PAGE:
An exempt outside sales director usually spends most of his/her time out of the community making and following up on sales. Work in the office incidental to and in conjunction with the outside sales work is still considered exempt work.  This also includes other work that furthers the employee’s sales efforts, including incidental deliveries, writing sales reports, updating or revising sales data, organizing sales plans, and attending sales meetings.  As long as the sales director is “customarily and regularly” engaging in sales activities outside the community, and these other inside sales activities are incidental to the outside sales activities, the exemption is still available.  Some employers require sales directors to create contemporaneous records of their outside work to show it was sales-related and to tie the eventual sale to that earlier effort.

On the other hand, outside sales work does not include sales made by mail, telephone or the Internet unless such contact is used merely as an adjunct to personal outside calls.  In addition, developing internal leads from existing residents, cold calling prospects, and organizing in-house events to attract potential residents are not considered outside sales work.  The same is true for giving community tours to prospects and their families.  All of this is “inside” sales work that does not qualify for the exemption.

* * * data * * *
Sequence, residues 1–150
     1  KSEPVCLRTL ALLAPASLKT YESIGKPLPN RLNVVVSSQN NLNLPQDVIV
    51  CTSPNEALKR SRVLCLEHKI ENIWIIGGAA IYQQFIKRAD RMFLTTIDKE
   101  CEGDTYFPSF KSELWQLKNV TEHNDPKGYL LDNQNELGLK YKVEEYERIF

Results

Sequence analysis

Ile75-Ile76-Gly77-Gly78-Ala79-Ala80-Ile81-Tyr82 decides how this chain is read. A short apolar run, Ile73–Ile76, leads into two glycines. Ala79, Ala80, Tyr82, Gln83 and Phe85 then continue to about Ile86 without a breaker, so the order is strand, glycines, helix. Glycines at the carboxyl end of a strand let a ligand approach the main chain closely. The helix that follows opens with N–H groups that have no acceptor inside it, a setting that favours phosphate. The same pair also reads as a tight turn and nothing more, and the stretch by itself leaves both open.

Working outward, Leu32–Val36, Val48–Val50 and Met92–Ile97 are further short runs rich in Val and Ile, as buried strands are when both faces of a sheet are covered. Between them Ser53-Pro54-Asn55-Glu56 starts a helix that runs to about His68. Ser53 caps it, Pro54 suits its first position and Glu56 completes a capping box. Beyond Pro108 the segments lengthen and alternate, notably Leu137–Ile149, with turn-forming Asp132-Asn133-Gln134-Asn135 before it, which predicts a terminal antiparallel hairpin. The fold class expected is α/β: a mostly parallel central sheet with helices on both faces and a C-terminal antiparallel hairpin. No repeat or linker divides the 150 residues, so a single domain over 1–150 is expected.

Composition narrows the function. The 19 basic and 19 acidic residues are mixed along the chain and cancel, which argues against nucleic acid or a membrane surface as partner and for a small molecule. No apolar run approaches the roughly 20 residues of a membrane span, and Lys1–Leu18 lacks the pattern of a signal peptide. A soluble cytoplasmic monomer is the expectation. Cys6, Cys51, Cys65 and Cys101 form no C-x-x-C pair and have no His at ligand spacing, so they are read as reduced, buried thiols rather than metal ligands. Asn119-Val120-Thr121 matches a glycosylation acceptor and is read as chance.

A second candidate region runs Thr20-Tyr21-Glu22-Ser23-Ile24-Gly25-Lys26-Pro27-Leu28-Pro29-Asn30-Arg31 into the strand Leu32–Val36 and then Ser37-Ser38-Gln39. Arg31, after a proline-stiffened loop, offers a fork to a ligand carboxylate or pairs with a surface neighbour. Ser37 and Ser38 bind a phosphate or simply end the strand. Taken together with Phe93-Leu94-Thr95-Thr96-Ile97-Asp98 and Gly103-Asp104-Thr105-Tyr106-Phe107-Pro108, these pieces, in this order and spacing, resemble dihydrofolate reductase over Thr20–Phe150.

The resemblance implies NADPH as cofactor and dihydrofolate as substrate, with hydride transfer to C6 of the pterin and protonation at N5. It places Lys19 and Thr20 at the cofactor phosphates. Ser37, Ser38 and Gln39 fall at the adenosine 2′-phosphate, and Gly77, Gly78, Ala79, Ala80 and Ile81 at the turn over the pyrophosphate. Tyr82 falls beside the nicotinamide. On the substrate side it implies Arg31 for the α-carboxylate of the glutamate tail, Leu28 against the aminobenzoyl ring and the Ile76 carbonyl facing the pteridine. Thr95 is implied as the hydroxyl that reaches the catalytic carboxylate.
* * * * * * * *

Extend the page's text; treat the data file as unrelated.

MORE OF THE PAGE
Negotiating rental agreements with prospective residents may be inside or outside sales work depending on its location.

So, how to figure out if a sales director has the “primary duty” to perform outside or inside sales work?  There is no bright line test.  The U.S. Department of Labor says the term means “the principal, main, major or most important duty” that the employee performs.  While sales directors who spend more than 50% of their time on outside sales activities generally will satisfy the primary duty rule, employees who spend less than that amount can arguably still qualify for the exemption.  The relative importance of the outside sales work, as compared to the inside sales activities, should be the determining factor in such cases.

Be Wary of State Laws

Some states have strict quantifiable standards for measuring the “outside” element of this exemption under their local law.  These states look to the actual time spent engaged in outside vs. inside sales work to figure out the exempt status of salespeople.  California, for instance, has a “primarily engaged” standard that requires sales directors to spend no less than 50% of the time working away from the community.  Colorado is even higher, requiring a bona fide outside sales person to spend at least 80% of their work activities on outside sales.

Be Wary of the Telecommuting Sales Director

Some people think that a sales person qualifies for the outside sales exemption if they do not have an office at the employer’s place of business.  If the person works out of their house, the thinking goes, they are still working “outside.”  This is not correct.

Any fixed site, whether at home or the community, used by a sales employee as a principal place for working is considered one of the employer’s places of business.

Rather than wrangle with the primary duty test and navigate the vagaries of state laws across the country, many leading retirement industry employers simply treat their sales teams as non-exempt and entitled to overtime.  This is a safe way to proceed, especially in light of the threat of class and collective actions in this area of law.

Whether your circumstances warrant a closer look may depend on your business’s appetite for restructuring the job to focus the sales work to activities outside of the community, perhaps by giving inside sales tasks to the community managers or a designated inside sales person.